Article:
Impacts and costs: forestry, agriculture and ecosystems services
• Project baseline impacts of a global mean temperature increase of 2°C on forestry, agriculture and ecosystems services on pan-European level.
• Identify adaptation options for impact assessment of adaptation policies in WP10.
Flow diagram: modelling cluster & link with other WPs (click graphic to enlarge)
Five process-based ecosystem and generic vegetation models are used: EPIC (IIASA), LPJmL (PIK), CLM4.5 (JRC), DSSAT/SALUS (ENEA) and ORCHIDEE (CNRS-IPSL). In addition, G4M (IIASA) model is used to quantify impacts of +2C global warming on forests and forestry. GLOBIOM (IIASA) – a bottom-up global recursive dynamic partial equilibrium model of the agricultural, bio-energy and forestry sectors – is used to assess impacts and adaptations, and to generate monetary estimates of impact and adaptation costs. The WP7 bio-physical models were coupled with bias-corrected EURO-CORDEX dataset at 0.25° spatial resolution (LPJmL at 0.5°). The input variables from WP2-4 and model requirements are summarised in Table 1, and mandatory simulations for WP7 are listed in Table 2 (agreed at GA 2013, Rome). Model descriptions are provided in Deliverable 7.2.
Table 1. Inputs from EURO-CORDEX ensemble
Table 2. Mandatory EURO-CORDEX simulations
1. Impact of 2C global warming on crop production
Preliminary simulations with EURO-CORDEX ensemble indicate that +2°C global warming will likely reduce yields of winter crops due to accelerated phenological development. For example, winter wheat yields will decrease by more than 0.5 t/ha in many western and central-European regions. However, changes in precipitation pattern during the growing season may lessen negative effect of temperature in some dry regions. In northern parts, increased growth rates of winter crops during winter and early spring may result in rising yields. Summer crops would be rather negatively affected in the Mediterranean region, but, in general, they will be more yielding at higher latitudes. For example, maize yields may increase by more than 1 t/ha in central and western Europe. Yields of summer crops are likely to increase by more than 70% for at north latitudes (above 55°N), even though the absolute yield may still be quite low. A positive impact by more than 20-40% was simulated for mid latitudes (between 45 and 55° N), with a particularly positive response at higher altitudes. The ensemble-median impacts on yields of selected crops are presented in Fig 1.
Fig. 1. Ensemble-median impact of +2C global warming on rainfed crop yields (in tons of dry matter/ha) calculated by the EPIC model.
1a) spring barley
1c) winter rape
1d) winter rye
1e) winter wheat
2. Impact of 2C global warming on ecosystems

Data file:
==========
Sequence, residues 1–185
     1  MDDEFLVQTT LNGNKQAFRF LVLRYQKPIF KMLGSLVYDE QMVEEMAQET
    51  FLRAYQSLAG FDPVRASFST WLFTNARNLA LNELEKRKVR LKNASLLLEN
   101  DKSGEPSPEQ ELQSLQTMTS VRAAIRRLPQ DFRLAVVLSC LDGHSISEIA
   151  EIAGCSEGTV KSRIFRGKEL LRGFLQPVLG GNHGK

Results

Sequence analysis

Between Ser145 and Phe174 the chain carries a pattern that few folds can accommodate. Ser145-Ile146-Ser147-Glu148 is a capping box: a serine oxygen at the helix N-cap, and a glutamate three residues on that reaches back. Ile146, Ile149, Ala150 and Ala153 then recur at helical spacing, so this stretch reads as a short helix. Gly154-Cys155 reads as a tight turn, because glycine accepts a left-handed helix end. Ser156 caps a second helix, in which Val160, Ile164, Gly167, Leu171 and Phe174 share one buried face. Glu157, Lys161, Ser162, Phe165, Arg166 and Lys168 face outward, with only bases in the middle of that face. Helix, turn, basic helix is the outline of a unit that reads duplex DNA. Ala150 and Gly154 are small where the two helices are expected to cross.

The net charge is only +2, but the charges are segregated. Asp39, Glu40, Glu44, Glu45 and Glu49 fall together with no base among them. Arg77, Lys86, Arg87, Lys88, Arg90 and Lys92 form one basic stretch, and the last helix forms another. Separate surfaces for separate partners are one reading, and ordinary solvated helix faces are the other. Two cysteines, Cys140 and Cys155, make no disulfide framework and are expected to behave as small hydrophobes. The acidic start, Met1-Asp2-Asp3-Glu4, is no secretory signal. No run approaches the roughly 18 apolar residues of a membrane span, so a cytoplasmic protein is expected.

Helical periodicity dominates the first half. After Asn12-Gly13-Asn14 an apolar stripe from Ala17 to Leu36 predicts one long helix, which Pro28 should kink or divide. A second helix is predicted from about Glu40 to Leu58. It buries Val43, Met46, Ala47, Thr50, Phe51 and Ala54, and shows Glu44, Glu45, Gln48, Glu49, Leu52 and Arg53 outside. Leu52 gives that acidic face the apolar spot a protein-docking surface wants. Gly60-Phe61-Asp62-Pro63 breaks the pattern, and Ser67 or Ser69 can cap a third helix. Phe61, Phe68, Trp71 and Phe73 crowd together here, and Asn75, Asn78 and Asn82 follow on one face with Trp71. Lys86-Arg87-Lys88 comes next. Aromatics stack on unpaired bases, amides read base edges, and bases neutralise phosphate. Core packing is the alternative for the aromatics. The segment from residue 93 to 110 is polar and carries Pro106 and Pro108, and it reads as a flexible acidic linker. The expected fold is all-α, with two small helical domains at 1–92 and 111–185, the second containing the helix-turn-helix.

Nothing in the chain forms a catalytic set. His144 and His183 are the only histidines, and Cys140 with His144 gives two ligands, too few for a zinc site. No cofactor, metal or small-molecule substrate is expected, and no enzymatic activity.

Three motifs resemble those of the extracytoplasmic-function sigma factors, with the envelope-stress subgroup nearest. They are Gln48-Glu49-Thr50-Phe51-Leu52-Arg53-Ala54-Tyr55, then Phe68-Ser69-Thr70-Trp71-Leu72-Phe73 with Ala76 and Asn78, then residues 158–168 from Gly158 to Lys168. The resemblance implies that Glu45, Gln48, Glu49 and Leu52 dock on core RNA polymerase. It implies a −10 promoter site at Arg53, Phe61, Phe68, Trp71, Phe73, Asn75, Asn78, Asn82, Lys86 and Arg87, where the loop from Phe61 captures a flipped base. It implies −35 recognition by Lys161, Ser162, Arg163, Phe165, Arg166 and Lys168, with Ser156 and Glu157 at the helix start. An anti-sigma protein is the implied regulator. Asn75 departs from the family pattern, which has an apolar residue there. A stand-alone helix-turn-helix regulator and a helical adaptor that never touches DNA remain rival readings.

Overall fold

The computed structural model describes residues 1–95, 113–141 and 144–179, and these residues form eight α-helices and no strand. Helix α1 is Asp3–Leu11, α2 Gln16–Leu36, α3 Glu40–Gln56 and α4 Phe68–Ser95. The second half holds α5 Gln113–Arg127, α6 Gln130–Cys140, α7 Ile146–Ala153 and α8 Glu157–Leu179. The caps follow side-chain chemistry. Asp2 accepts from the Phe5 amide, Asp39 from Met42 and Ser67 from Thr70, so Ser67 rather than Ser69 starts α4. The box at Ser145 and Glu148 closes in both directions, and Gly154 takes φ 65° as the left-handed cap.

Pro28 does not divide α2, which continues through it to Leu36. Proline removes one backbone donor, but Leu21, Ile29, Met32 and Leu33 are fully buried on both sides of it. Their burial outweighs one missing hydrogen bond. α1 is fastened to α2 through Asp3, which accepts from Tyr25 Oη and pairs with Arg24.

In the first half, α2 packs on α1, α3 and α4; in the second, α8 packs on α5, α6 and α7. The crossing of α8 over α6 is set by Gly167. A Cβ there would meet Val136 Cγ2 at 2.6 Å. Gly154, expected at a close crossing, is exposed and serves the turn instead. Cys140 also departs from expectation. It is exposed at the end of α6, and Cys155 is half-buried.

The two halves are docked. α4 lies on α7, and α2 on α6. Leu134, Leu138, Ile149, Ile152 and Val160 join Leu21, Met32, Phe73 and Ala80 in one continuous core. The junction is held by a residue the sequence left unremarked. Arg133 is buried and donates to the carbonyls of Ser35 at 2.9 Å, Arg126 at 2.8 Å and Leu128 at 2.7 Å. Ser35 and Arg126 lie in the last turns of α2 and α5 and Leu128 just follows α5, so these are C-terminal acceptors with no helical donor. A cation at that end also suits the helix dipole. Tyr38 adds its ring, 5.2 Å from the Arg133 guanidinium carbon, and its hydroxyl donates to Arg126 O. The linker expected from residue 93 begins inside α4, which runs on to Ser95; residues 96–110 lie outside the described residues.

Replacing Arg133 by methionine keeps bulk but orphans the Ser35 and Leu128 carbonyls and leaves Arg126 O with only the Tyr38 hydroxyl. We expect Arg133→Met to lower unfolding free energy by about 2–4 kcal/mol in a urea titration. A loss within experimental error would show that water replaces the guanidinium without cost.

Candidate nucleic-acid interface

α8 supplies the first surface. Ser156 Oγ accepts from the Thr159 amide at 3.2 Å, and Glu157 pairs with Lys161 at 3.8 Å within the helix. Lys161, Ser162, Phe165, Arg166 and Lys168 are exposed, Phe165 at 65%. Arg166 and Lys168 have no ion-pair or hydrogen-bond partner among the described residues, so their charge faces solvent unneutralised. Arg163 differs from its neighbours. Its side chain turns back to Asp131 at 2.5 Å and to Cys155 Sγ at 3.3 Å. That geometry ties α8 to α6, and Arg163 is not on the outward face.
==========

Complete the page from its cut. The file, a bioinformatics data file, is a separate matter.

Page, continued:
From the ecosystem perspective, the impacts of +2°C global warming on carbon in vegetation and ecosystems, soils, gross primary production (GPP), net primary production (NPP) and net of ecosystem exchange and production have been calculated with CLM4.5. For example, the results with KNMI_RACMO22E_EC-EARTH, RCP4.5 presented in Fig 2 show an overall increase in the amount of carbon fixed by GPP and NPP (an increase by around 10 to 40% in most of the grid cells in Europe) as well as the total fixed in ecosystems, but not in soils (Fig 2d). Soil carbon tends to decrease especially in boreal regions, while it is expected to increase in temperate climates. The baseline simulations show that the atmospheric carbon is stored mainly in temperate deciduous forests and its ecosystems over Central and Eastern Europe.
Fig. 2. Average change (in %) in (a) GPP, (b) NPP, (c) ecosystem carbon (ECSYSC), and (d) soil C at +2°C period relative to the baseline period (1971-2000) for KNMI_RACMO22E_EC-EARTH, RCP45 (calculated with the CLM4.5 model).
2c) ecosystem carbon (ECSYSC)
2d) soil C
3. Impact of 2C global warming on selected ecosystem services
We analysed the impacts of +2°C global warming on selected indicators of ecosystem services, namely soil organic carbon (SOC), water storage (including growing season precipitation and ET, annual PET and ET, runoff, and irrigation water) and plant nutrition (plant available phosphates and nitrates).
Global warming is expected to significantly alter the carbon budget and C-related ecosystem services since climate is one of the main forces driving changes in soil carbon. Weather determine soil temperature and water as well as plant biomass and residues, and it all effects SOC stocks and dynamics. It is generally expected that rising temperature will accelerate the SOC decomposition in many European environments, leading to thinning of the SOC stocks in agricultural land (Smith et al., 2005). IMPACT2C ensemble-forced EPIC simulations indicate that SOC will likely be reduced in cropland of Europe, particularly in the Mediterranean region and countries of Eastern and Northern Europe, with a decline by more than 10% in many places (Fig 3a). We also demonstrate that conservative cropland management such as reduced tillage, no-till and crop residue management may counteract these negative effects of climate change (Deliverable 7.2).